That’s not me saying that, that’s Jessica Lustig of New York magazine saying that:
As the lights come back on in lower Manhattan, the power imbalance in parts of the city worst hit by Sandy is more literal than ever. Brownstone Brooklyn neighborhoods like Cobble Hill and Carroll Gardens were able to celebrate Halloween as usual, but just blocks away, many residents of the Red Hook Houses, the city’s second-largest housing project, are without electricity, heat, or running water, and growing increasingly desperate. Red Hook, like other areas with overheard power lines, could wait another ten days or longer for juice, according to Con Edison. So far, Red Hook has received little help from the city or FEMA, and a team of Occupy protestors have been heading relief efforts.
In an outcropping of 30 buildings, some of them high-rises of 14 stories, the Red Hook Houses hold some 6,000 tenants, and about half the buildings remain without power. Red Hook Initiative, which usually offers services like tutoring and college counseling, has been joined by about 15 people from the Occupy movement who have set up infrastructure and logistics for running hot-meal operations serving 500 to 1,000 people every day, bringing in medics, gathering information about people who are elderly or disabled and can’t leave their apartments or get down stairs, and broadcasting calls for volunteers and supplies from flashlights to ice for storing insulin.
The editors of NY Natives also have praise for Occupy, which put together their famous pedal-powered electricity generators and are using them to power water pumps to drain flooded basements and to provide power for cellphones and other devices:
In a press release as of November 1, MoRUS shared “The Museum of Reclaimed Urban Space (MoRUS) is using one of its exhibits to provide the community with free cell phone charging. Working with environmental group Times Up, MoRUS has set up Occupy Wall Street bike generators on Avenue C between 9th and 10th Street. For the past two days, volunteer riders have been pedaling as crowds of people gather to charge up their cell phones. For many people, this has been the first time they’ve been able to contact loved ones after Hurricane Sandy hit earlier this week. Meanwhile, C-Squat, the squat which houses MoRUS, has set up a street-side barbecue. They have been accepting donations and providing the community with free food.”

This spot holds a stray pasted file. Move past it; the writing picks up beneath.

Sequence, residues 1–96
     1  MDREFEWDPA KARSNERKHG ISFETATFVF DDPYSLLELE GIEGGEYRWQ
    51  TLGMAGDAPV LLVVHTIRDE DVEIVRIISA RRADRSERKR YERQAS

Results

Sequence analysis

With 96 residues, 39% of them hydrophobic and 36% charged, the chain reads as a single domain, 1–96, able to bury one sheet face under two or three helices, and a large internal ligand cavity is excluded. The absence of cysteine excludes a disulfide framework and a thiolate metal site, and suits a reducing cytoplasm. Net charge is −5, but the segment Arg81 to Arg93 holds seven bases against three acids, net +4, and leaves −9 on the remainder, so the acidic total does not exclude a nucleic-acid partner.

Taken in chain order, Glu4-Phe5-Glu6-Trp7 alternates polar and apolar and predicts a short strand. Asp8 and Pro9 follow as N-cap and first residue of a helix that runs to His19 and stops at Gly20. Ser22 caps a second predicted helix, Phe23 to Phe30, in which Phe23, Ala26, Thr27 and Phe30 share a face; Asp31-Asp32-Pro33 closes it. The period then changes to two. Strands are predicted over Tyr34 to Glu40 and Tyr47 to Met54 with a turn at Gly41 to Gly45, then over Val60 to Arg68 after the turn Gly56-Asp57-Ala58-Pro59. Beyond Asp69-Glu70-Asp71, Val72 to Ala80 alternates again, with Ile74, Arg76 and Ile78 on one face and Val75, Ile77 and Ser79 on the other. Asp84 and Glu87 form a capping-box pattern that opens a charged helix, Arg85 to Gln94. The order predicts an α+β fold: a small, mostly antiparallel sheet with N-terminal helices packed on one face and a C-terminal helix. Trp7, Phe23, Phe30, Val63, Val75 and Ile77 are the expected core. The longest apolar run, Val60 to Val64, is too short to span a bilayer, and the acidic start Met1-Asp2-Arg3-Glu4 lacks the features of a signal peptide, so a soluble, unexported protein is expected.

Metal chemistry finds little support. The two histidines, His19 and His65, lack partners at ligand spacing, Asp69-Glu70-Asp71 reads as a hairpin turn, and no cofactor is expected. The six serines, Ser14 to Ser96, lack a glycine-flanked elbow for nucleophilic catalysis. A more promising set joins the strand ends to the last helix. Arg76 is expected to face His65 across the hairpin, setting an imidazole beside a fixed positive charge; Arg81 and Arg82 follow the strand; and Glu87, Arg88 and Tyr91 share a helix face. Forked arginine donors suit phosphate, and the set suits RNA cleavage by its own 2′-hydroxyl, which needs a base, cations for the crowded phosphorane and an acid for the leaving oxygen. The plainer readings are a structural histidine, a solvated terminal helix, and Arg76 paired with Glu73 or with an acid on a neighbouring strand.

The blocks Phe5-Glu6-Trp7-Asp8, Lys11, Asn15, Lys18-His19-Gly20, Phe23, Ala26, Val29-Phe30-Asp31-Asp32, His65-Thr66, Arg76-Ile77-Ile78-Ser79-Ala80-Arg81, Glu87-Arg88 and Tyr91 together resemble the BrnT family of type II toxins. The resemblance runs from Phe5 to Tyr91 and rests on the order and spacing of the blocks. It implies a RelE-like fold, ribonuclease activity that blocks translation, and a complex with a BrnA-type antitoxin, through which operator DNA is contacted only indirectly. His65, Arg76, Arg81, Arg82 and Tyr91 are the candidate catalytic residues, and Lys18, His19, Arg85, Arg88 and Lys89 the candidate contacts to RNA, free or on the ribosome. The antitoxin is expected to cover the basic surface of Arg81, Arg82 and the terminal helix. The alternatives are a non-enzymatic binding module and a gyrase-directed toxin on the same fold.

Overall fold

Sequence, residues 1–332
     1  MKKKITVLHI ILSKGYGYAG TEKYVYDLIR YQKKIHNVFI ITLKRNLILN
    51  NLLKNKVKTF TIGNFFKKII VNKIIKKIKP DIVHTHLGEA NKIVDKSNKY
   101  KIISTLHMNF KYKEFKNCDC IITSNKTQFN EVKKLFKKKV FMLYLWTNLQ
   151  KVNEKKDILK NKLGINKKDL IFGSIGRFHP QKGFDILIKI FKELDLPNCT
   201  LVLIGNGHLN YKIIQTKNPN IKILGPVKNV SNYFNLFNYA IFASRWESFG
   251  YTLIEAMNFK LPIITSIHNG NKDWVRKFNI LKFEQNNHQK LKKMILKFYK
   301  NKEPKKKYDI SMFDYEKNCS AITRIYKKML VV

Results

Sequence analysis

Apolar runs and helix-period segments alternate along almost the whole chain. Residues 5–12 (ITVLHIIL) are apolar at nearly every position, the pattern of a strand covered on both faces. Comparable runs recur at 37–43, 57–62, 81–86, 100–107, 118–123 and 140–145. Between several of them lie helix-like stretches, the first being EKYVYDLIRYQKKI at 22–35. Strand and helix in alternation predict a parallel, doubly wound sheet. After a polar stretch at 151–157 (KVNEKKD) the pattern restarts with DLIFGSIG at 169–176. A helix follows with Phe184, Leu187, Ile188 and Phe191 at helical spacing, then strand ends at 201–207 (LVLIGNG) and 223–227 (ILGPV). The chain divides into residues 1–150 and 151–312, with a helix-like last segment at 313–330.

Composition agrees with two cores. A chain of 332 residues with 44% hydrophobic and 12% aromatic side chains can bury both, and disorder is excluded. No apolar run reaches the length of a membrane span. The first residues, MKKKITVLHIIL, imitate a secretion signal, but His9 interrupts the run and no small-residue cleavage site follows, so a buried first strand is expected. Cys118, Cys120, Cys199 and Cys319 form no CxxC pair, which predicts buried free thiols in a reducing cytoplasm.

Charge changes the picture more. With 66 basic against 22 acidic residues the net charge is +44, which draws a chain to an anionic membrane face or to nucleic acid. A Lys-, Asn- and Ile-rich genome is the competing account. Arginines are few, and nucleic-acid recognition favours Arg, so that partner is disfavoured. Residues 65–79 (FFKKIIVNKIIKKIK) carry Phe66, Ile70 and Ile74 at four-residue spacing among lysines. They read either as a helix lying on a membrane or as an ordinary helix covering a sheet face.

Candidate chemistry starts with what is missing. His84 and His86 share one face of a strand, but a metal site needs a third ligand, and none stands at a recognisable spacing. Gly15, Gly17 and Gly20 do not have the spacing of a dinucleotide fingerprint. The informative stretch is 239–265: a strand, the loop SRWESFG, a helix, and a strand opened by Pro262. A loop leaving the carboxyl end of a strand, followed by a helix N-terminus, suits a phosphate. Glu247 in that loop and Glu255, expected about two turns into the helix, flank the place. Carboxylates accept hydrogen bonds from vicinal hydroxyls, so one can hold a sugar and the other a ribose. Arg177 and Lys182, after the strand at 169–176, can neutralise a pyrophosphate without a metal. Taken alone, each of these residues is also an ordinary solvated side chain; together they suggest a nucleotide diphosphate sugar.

The residents of C-Squat have set up 2 grills, are receiving food donations and are essentially feeding the neighborhood. After pumping out there own basement and rescuing the Occupy Wall Street bikes, the residents pumped out the water from the bar next door and the deli on the corner. As one C-Squat resident exclaimed: “”It’s like a block party!”
And from the New Yorker, we hear this:
At the St. Francis de Sales church on B-129th Street, the church hall has been taken over by Occupy Sandy—an offshoot of the still-active networks of Occupy Wall Street. Supplies have been driven here from all over Brooklyn: back there are piles of blankets; on the tables here are diapers, baby food, and cleaning supplies; over there, clothes (grownup, child, baby); more than a hundred pairs of shoes lined up neatly on the bleachers. Residents of the neighborhood wander around the hall, filling bags. In the front entranceway Occupy volunteers are unloading cases of bottled water from a truck, handing the heavy cases one to the next, a bucket brigade to the back of the church. The volunteers move fast but the job lasts more than half an hour—it’s a big truck. In front of the church, long tables have been set up on the sidewalk, where volunteers are serving hot food and peanut-butter-and-jelly sandwiches.
Donate to the Occupy Sandy efforts here: https://www.wepay.com/donations/occupy-sandy-cleanup-volunteers
Keep up with the Occupy Sandy activities and needs (both volunteer and supply) here: http://interoccupy.net/occupysandy/live/